Recovery of Raymond's body after the battle.

The contemporary historian William of Tyre blamed the Antiochenes' defeat on Raymond's rashness.[5] One modern historian says the Crusader defeat at Inab was "as disastrous at that of the Ager Sanguinis"[6] a generation earlier. Yet another remarks that it "was not part of a watershed moment, and should not be seen in the context of the Second Crusade".[7]

Aftermath[edit]

After his victory, Nur ad-Din went on to capture the fortresses of Artah, Harim and ‘Imm, which defended the approach to Antioch itself. Harim was not recovered until 1157, then lost permanently in 1164. He sent the main party of his army to besiege Afamiya.[8] After plundering the region, he besieged Antioch, which was virtually defenceless because of the loss of its prince and its army. The city was divided between a surrender party and a resistance party. The latter, led by Raymond's widow, Constance, and the Patriarch, Aimery of Limoges, prevailed, and Nur ad-Din was bought off, with some of the treasure coming from the Patriarch's own possessions. A small force was left behind to prevent reinforcements from entering the city, while Nur ad-Din went down to the sea to bathe in it as a sign of victory. He plundered the lands around Saint Simeon's Monastery and then rejoined his forces to capture Afamiya.[8]

Upon receiving news that King Baldwin III of Jerusalem was marching north with some Templars to relieve the siege, Nur ad-Din opened negotiations. The border between Antioch and Aleppo was re-drawn to Nur ad-Din's gain and the armies went home.[8] Joscelin now found that his enemy Raymond's defeat and death placed his own possessions in extreme peril. Joscelin would soon be captured by Nur ed-Din (1150) and what remained of his County of Edessa evacuated by its Latin inhabitants.[3]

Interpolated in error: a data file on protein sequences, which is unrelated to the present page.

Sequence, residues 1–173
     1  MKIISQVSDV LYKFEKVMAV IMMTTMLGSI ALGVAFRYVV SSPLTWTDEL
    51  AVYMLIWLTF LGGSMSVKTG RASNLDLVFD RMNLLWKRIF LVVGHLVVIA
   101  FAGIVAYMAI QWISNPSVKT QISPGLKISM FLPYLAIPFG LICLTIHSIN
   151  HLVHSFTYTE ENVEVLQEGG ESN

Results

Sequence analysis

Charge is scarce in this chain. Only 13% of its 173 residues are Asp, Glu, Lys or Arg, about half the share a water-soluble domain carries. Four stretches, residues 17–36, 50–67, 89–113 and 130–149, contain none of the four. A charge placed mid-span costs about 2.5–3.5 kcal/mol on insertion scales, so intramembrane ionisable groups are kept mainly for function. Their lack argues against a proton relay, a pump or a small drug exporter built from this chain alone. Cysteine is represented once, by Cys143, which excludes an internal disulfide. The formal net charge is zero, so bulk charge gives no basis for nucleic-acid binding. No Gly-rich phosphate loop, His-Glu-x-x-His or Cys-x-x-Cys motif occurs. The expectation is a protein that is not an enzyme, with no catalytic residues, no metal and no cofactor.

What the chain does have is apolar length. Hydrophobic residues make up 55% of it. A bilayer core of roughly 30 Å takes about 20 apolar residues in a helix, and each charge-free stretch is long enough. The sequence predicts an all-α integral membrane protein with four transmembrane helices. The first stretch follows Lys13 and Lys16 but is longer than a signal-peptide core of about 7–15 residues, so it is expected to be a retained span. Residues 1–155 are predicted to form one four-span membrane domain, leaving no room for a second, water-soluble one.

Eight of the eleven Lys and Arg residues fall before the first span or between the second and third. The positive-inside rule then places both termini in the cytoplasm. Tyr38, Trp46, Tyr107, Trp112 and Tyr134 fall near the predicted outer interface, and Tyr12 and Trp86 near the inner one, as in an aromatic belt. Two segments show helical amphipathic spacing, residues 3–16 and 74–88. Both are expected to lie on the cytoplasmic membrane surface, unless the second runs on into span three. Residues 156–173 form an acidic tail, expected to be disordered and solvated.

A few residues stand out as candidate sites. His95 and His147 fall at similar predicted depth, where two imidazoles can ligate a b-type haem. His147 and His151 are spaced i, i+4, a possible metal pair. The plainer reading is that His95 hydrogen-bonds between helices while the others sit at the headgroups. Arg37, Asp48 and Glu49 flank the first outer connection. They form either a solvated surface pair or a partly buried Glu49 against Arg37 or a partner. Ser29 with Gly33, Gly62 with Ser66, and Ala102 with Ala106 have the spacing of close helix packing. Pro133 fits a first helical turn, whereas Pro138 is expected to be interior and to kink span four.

After the victory at Inab, Nur ad-Din became a hero throughout the Islamic world. His goal became the destruction of the Crusader states, and the strengthening of Islam through jihad; he had already set up religious schools and new mosques in Aleppo, and expelled those he considered heretics from his territory, especially Shiites. Jihad was influenced by the presence of the Christian Crusader states as it could be used as an excuse for maintenance of a permanent state of war. Nur ad-Din went on to capture the remnants of the County of Edessa, and brought Damascus under his rule in 1154, further weakening the Crusader states.

References[edit]

  • Mallett, Alex. "The Battle of Inab". Journal of Medieval History 39, 1 (2013): 48–60.
  • Oldenbourg, Zoé. The Crusades. New York: Pantheon Books, 1966.
  • Smail, R. C. Crusading Warfare, 1097–1193. New York: Barnes & Noble Books, 1995. ISBN 1-56619-769-4

Footnotes[edit]

  1. ^ a b Oldenbourg, p 336
  2. ^ a b c Mallett, p 55
  3. ^ a b c Oldenbourg, p 337
  4. ^ Smail, p 183
  5. ^ Mallett, p 49
  6. ^ Smail, p 33
  7. ^ Mallett, p 60
  8. ^ a b c Mallett, pp 48–49